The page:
Ruoyu Sun's
Thoughts on design, code and venture capital

C# with Godot: Custom Attributes, Reflection and Extension Method

24 Mar 2018

It’s been a long time since I last wrote any serious C# and my last experience was actually surprisingly pleasant (given that I am a long time Linux / Mac user). And I’ve been using Godot game engine for a long time for my games. When Godot 3.0 introduced C# support, I immediately decide to give it a whirl.

Godot, if you are not familiar with, comes with GDScript, which is a Python inspired scripting language for the engine. When writing a scene (think GameObject in Unity), it’s common to write the following code:

var mylabel

func _ready():
    mylabel = get_node("MyLabel")

This basically gets hold of a node, which is commonly used. So GDScript provides a syntactic sugar which basically does the same trick:

onready var mylabel = get_node("MyLabel")

func _ready():
    # No need to write anything here

However, in C# bindings, this is not provided, so you have to do something like this:

public class Char : Node
{
    private Label label1;
    private Label label2;
    private Label label3;
    public override void _Ready()
    {
        label1 = (Label) GetNode("MyLabel1");
        label2 = (Label) GetNode("MyLabel2");
        label3 = (Label) GetNode("MyLabel3");
    }
}

I’ve been thinking of ways to make this less cumbersome. From my very limited C# experience, I think it’s possible to achieve this with a custom attribute, some reflections and extension method:

public class Char : Node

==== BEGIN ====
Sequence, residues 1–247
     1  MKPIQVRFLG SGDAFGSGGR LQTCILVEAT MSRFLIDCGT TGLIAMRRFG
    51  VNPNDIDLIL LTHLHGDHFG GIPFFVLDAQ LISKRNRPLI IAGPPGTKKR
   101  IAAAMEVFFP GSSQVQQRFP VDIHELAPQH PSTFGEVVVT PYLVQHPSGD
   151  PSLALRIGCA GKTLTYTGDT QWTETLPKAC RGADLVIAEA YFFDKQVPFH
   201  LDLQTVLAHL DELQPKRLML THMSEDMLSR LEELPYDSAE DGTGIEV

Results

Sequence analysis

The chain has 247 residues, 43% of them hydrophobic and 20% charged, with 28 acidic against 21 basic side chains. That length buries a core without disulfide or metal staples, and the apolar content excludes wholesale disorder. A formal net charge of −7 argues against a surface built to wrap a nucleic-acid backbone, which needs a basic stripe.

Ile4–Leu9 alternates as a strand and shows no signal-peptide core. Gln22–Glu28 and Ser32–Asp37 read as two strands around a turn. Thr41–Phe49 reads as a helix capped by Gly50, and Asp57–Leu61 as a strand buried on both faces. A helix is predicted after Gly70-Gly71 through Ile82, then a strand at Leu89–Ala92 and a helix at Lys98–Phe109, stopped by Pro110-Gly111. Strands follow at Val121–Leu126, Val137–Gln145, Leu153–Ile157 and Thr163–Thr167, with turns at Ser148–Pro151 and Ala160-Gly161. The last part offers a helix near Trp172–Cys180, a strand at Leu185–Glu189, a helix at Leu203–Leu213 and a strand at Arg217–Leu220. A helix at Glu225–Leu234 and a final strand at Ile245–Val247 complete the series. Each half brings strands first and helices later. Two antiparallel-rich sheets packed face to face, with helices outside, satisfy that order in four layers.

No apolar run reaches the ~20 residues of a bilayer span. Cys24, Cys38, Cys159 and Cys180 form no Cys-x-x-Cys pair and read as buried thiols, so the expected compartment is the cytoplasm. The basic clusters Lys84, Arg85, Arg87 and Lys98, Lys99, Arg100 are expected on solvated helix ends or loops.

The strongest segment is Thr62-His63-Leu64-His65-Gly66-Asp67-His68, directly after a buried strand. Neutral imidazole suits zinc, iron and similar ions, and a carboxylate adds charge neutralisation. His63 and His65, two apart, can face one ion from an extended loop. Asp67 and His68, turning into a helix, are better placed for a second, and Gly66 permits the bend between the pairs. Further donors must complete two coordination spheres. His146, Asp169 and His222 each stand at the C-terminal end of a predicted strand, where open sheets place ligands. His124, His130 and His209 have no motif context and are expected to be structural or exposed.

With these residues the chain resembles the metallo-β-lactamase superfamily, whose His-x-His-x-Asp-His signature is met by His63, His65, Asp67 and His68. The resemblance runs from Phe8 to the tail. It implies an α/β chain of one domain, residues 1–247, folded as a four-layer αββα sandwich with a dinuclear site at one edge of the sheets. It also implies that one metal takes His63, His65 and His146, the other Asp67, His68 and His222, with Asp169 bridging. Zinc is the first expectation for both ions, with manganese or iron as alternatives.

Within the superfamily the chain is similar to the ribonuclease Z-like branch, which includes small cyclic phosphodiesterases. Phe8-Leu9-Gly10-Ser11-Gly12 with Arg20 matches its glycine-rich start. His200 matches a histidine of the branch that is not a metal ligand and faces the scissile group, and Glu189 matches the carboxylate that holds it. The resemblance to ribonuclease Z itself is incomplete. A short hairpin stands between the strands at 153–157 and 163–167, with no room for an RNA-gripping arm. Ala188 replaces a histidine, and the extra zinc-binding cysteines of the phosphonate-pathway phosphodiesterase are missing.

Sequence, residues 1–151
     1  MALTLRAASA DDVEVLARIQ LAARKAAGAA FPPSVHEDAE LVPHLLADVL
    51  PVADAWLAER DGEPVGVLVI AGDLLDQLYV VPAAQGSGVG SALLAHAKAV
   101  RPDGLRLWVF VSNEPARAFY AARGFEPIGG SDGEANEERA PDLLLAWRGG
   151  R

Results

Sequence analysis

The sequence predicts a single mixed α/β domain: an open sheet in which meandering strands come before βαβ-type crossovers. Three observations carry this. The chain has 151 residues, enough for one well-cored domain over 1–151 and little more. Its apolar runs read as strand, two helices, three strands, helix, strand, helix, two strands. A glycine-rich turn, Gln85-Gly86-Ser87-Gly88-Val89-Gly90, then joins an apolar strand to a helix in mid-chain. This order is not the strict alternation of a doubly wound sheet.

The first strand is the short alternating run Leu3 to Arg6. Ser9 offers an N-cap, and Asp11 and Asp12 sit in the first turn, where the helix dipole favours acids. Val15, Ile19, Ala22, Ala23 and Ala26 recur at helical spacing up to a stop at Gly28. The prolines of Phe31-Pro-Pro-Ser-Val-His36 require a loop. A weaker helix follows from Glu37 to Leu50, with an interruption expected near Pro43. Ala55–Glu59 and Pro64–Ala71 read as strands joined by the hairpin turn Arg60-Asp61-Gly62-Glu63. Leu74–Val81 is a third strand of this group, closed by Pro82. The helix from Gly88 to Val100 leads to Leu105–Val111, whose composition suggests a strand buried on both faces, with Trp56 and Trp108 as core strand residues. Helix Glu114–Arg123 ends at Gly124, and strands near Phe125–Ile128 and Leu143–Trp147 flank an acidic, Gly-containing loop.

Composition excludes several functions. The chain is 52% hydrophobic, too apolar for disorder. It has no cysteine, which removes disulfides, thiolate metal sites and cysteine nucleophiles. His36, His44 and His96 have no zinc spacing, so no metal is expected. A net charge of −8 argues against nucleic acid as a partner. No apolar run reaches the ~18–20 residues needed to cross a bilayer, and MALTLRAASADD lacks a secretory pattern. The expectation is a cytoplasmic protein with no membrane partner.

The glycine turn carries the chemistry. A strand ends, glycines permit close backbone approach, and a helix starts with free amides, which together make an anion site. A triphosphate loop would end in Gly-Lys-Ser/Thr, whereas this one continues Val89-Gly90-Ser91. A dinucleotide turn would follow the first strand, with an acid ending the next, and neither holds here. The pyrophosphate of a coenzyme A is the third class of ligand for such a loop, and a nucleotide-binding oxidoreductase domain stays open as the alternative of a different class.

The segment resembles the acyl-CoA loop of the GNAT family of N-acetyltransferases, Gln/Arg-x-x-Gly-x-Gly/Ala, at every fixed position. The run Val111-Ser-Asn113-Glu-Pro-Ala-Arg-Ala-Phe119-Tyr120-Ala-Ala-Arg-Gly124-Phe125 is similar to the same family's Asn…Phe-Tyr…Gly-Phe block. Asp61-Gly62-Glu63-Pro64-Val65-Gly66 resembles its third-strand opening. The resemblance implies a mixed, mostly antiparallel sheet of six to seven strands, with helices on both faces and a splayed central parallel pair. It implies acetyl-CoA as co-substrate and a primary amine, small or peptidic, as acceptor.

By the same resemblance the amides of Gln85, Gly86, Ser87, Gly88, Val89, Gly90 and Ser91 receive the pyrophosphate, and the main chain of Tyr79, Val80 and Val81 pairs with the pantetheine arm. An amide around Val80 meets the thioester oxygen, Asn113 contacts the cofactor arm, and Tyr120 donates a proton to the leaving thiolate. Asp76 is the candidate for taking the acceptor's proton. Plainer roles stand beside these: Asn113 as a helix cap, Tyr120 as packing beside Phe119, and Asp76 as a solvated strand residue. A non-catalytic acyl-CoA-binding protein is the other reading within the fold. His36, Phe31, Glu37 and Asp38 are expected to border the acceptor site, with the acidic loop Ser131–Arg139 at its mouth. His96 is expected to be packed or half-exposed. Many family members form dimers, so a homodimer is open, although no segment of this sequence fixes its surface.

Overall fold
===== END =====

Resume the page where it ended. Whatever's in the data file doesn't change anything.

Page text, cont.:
{
    [Node("MyLabel1")] private Label label1;
    [Node("MyLabel2")] private Label label2;
    [Node("MyLabel3")] private Label label3;
    public override void _Ready()
    {
        // Unfortunate this is line is unavoidable 
        // unless you can directly modify the base class, which we can't
        this.WireNodes();
    }
}

So let’s first define our custom attribute.

using System;

[AttributeUsage(AttributeTargets.Field | AttributeTargets.Property)]
public class NodeAttribute : Attribute
{
    public string nodePath;

    public NodeAttribute(string np)
    {
        nodePath = np;
    }
}

After this, we have [Node("nodePath")] custom attribute. But this only defines the meta information: to make use of it, we need a bit more. Extension methods in C# allow us to add methods to an existing type without creating a new derived type or modifying the original type. To achieve this, we can define a static class with a special static method:

using Godot;
using System;
using System.Reflection;

public static class Extensions
{
    public static void WireNodes(this Node node)
    {

    }
}

To retrieve the information from attributes, we need a bit of reflection (I know how you feel, but there’s no way around it):

public static class Extensions
{
    public static void WireNodes(this Node node)
    {
        // Get all fields
        FieldInfo[] info = node
            .GetType()
            .GetFields(BindingFlags.DeclaredOnly | BindingFlags.Public | BindingFlags.NonPublic | BindingFlags.Instance);

        foreach (var f in info)
        {
            // Search for Node attribute
            NodeAttribute attr = (NodeAttribute)Attribute.GetCustomAttribute(f, typeof(NodeAttribute));
            if (attr != null)
            {
                // Get the node using NodePath and set the field value
                f.SetValue(node, node.GetNode(attr.nodePath));
            }
        }
    }
}

And there you go. As a static type language, I am pleasantly surprised at the extensibility of C#: it’s relatively easy to extend the language and existing libraries without breaking static typing.